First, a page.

strength of the circular smooth muscle layer of the
third compartment of the stomach of llamas.
Sample Population—Specimens of the third compartment
obtained from 5 healthy adult llamas.
Procedure—Full-thickness tissue samples were collected
from the third compartment immediately after
euthanasia. Specimens were cut into strips oriented
along the circular muscle layer and mounted in a tissue
bath system. Incremental amounts of ketoprofen,
nabumetone, indomethacin, PGE2, and PGF2α were
added, and contractile strength (amplitude of contractions)
Results—Generally, PGE2 reduced contractile
strength of the circular smooth layer of the third compartment,
whereas PGF2α increased the strength of
contractions. The activity of the NSAIDs was generally
excitatory in a concentration-dependent manner,
although significant changes were induced only by
administration of indomethacin.
Conclusions and Clinical Relevance—On isolated
smooth muscle strips of the third compartment of llamas,
exogenous PGE2 and PGF2α had a variable effect
on contractile strength. Administration of the NSAIDs
did not inhibit contractility and would not be likely to
induce stasis of the third compartment in the
absence of an underlying disease process. (Am J Vet
Objective—To determine the role of nitric oxide and an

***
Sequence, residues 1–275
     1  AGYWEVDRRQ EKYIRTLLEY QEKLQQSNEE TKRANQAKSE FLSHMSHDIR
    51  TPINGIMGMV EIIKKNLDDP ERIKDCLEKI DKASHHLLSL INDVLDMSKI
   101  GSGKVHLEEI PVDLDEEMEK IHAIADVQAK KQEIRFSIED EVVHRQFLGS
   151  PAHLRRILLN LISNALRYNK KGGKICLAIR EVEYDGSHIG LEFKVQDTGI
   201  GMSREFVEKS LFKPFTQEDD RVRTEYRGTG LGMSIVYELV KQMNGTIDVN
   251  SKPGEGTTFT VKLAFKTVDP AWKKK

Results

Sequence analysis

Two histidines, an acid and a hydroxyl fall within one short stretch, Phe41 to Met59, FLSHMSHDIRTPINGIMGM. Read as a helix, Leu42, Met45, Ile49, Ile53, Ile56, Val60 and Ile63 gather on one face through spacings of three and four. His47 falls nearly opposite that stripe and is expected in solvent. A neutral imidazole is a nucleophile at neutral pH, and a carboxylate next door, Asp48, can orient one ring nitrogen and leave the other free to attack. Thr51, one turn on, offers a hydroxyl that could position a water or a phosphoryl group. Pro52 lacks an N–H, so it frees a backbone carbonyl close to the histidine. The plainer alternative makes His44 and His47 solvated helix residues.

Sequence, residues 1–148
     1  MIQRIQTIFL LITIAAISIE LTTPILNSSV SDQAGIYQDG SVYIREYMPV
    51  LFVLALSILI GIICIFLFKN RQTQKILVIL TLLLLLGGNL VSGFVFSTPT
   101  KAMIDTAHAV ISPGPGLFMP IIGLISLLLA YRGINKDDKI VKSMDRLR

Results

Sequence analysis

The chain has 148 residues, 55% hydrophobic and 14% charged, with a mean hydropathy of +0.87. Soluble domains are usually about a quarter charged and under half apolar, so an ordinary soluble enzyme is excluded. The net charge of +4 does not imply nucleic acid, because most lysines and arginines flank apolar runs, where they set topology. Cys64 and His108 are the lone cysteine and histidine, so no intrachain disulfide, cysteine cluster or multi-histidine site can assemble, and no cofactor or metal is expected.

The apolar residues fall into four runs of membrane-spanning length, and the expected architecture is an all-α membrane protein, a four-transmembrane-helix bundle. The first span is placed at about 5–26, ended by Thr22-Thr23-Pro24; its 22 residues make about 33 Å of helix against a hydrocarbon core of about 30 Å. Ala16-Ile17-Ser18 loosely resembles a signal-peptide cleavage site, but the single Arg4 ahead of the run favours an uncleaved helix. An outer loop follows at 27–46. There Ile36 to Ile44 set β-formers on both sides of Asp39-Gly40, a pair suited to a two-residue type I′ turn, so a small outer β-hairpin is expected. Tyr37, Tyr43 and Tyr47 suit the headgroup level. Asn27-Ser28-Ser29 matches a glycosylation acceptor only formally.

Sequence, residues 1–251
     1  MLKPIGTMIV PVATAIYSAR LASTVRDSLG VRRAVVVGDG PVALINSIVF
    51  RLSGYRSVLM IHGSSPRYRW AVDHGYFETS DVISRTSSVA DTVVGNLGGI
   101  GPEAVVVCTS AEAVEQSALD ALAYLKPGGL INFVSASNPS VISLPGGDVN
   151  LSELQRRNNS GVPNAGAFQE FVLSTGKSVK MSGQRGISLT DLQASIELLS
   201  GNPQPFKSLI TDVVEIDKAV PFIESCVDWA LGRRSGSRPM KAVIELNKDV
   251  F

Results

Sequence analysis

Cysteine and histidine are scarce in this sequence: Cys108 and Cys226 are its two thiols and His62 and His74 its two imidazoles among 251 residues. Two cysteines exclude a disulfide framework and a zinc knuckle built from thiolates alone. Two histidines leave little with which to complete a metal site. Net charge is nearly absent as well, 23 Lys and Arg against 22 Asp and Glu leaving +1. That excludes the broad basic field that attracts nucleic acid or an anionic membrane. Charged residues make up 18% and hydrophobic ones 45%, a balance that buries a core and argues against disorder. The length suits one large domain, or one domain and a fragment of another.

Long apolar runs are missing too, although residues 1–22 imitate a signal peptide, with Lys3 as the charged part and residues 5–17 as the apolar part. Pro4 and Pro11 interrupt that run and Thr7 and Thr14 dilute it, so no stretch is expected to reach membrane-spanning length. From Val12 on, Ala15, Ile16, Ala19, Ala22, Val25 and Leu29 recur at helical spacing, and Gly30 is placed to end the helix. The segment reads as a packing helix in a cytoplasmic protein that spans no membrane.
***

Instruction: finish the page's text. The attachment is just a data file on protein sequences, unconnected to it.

apamin-sensitive nonadrenergic noncholingeric inhibitory
transmitter on contractility of the ventral colon of horses.
Sample population—Strips of the circular and longitudinal
muscle layers and taenia of the ventral colon
from 14 horses.
Procedure—Muscle strips were suspended in tissue
baths and attached to force transducers. Contractile
activity of circular, longitudinal, and taenia muscle
strips in response to electrical field stimulation was
measured after addition of apamin and a nitric oxide
inhibitor, N-nitro-L-arginine methyl ester (L-NAME).
Results—Electrical field stimulation reduced contractile
activity in the circular muscle layer and taenia but
not the longitudinal muscle layer. Addition of L-NAME
significantly reduced inhibitory contractile activity at
all frequencies for the circular muscle layer, whereas
a significant effect was evident for the taenia only at
the highest frequency. The combination of L-NAME